It’s a new year. So, what?

So, it’s a new year. This time of year often elicits a sense of purpose, motivation, and promise to do things differently than they were done during the prior year.


And as the new year rolled around, I found myself with this gripping sense of…


Now, I’m not a big resolutions kind of person. Those fall flat for most people by the end of January. But I do believe in setting goals. Not just at the beginning of the year, but throughout, and so usually I do reflect and think about what my goals for the new year will be.

But not this year. The end of 2015 knocked me on my butt for a variety of reasons, leaving me to feel overwhelmed and defeated.

I got a text from my sister on January 2nd asking me what my goals for the new year were. I stared at my phone and finally set aside because even thinking about it overwhelmed me. Later I texted back and told her I simply didn’t know.

Maybe it was the three rounds of stomach flu I was inflicted with in December. Or the chest cold, or the sinus stuff. Maybe the fact I couldn’t get a good night’s sleep most of the month had something to do with it. Maybe I was just too overwhelmed between my day job, two kids, the Christmas hullabaloo, the travel, trying to keep up with social media, my own fear of failing at it all.


Most likely it was a combination of all factors, plus some others I hadn’t considered. But whatever it was, it worked its way into my writing as well. I’d lost motivation. I’ve been earnestly working at preparing my debut novel, and in the month of December I lost my mojo. Thoughts of discouragement crept in and, on its heels, the gripping fear of impending failure settled into everything I did. I still worked at it consistently, but in the back of my mind I had the sense that all my work would end up in vain.

I was beginning to dwell on my negative thoughts and make plans for my failure. “I give myself this long and if I can’t make a career of it, I’m done.” I actually told my husband that one day. I gave myself until my youngest was in kindergarten to really make a go of it. Then, I’d decided, if I hadn’t, it wasn’t worth the blood, sweat, tears, and time.

I’d fallen into a total funk. Motivation eluded me, and writing and connecting became one more thing I had to do when I had no energy to do anything else.

This led me to a place of evaluation. Why do I write? Is it because I seek success? Do I want the approval of others? If everything I ever writes falls flat on its face, do I still want to do it? It can be an ugly process turning the mirror on your motivations, but it came to a place for me that either I do that or give up  on my dream all together.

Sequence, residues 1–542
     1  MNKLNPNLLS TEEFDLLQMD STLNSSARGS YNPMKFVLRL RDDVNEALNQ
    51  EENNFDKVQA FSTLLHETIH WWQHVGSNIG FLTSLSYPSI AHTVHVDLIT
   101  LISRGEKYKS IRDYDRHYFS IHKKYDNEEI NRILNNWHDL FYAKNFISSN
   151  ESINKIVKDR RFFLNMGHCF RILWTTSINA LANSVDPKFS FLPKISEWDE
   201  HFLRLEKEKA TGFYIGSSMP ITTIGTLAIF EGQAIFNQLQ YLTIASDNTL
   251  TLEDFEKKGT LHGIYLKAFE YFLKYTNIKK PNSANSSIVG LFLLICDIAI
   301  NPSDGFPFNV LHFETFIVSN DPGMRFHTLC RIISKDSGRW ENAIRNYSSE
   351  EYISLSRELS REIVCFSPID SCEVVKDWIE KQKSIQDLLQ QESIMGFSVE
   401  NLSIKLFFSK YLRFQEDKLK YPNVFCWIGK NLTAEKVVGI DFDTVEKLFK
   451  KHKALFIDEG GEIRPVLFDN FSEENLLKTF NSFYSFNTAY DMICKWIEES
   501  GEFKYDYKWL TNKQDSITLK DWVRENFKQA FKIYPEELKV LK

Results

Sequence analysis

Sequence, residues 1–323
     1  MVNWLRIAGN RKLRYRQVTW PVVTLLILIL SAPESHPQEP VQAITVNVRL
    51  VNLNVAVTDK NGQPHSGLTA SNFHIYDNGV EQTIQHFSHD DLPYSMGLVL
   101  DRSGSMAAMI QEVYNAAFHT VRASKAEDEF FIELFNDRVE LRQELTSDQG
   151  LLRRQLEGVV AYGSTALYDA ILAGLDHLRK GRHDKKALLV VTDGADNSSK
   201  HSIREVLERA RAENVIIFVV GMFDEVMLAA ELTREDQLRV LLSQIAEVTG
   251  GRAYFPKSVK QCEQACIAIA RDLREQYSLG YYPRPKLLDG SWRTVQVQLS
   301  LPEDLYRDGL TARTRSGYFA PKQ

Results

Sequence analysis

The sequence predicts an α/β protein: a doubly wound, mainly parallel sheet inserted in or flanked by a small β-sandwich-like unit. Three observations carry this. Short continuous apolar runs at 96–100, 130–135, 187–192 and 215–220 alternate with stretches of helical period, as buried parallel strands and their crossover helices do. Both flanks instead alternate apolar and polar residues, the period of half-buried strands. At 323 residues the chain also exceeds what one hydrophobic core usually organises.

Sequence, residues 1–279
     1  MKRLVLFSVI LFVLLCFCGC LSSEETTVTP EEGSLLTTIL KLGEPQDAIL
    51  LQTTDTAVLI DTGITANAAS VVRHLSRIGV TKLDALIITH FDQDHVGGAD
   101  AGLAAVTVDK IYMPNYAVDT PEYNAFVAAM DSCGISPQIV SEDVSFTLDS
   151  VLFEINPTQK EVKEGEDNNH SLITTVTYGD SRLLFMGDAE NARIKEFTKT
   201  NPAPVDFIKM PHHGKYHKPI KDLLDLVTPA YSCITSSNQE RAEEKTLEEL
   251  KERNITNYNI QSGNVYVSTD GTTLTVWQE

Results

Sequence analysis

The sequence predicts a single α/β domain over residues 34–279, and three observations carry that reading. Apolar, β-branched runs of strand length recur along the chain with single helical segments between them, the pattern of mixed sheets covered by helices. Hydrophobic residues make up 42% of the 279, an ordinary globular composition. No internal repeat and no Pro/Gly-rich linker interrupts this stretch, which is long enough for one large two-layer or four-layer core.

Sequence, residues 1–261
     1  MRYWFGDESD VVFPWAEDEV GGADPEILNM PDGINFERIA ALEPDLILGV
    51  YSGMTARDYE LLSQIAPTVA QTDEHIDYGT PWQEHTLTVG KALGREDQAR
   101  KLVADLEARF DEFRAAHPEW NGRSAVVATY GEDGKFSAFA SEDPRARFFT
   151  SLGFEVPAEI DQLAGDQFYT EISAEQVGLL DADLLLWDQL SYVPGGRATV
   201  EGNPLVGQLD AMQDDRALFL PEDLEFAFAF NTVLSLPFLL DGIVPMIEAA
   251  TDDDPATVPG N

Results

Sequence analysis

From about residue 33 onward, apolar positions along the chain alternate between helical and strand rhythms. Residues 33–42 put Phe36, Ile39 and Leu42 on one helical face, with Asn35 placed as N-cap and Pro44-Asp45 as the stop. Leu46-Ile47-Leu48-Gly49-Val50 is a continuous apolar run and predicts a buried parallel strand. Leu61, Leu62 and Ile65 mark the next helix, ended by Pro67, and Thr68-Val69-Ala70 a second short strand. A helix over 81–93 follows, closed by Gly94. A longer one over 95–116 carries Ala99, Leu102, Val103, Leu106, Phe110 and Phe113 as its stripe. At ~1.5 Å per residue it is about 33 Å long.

Here are three things I came out of my self-evaluation with:

1. I write because I like it.
I’ve always had an active imagination and I need an outlet for it. Story has been stirring in my soul for as long as I can remember, but it took me a long time to wake up and realize it. And despite success or failure, acceptance or rejection, I have to do it for myself. 

2. There is always room for growth and improvement.
So, annoying tick about me (annoying mostly to myself). If I don’t excel immediately at something, I conclude I’m just not good at it and walk away. Eesh, that makes me sound like a quitter, doesn’t it? It wasn’t always that way. I remember learning to ride a bike at the age of seven in one day. It was my first bike, no training wheels, and my dad and I spent the entire day in the parking lot until I got it. I came home bruised and scraped that night, but I could ride a bike. Somewhere along the way, I’ve forgotten that, to be good at something, you have to work hard! I’m not a savant and yet I put expectations on myself that I should be. I want to be that girl again–the one who keeps at it, despite the bruises and bumps, until she has it. This applies to writing. I was good at it back in the day, but I haven’t done it for a long time. So, when this process started, I had to hone my skills. I have learned SO MUCH through the process of writing and editing my novel, and I know that because of that, I’m better than when I started. And because of that, I can continue to improve, even if it leaves some scrapes.

3. It’s better to be a part of a community than to hole up alone.
Writing is a solitary experience, but it’s not one I can keep to myself. I’m constantly running through potential story lines or angles, bouncing them off my husband (or anyone who will listen). Part of the learning process for me has been the discovery of communities of writers (like the lovely Wenches!) out there working for the same thing as me, with characters and stories running around inside their heads, too. It’s fun to connect and dream and cheer on the success of others. If I give up in a few years, I lose all that. I feel like I’m just on the cusp of connecting with others, and I know there are so many deeper ways to connect. As someone who enjoys learning about others and building relationships, why would I ever walk away from that?

At the end of the day, I don’t want to quit. Even if my family and a select few friends are the only ones who ever read what I write, that’s okay. I have to do it for myself. I have to move forward in relationships with others, and I want to grow.

It’s January, and while I don’t have a long list of resolutions or an enthusiastic sense of motivation, I do know what I want and have a good sense of my goals, at least when it comes to writing. And for me, that’s as good of a start as any to 2015!

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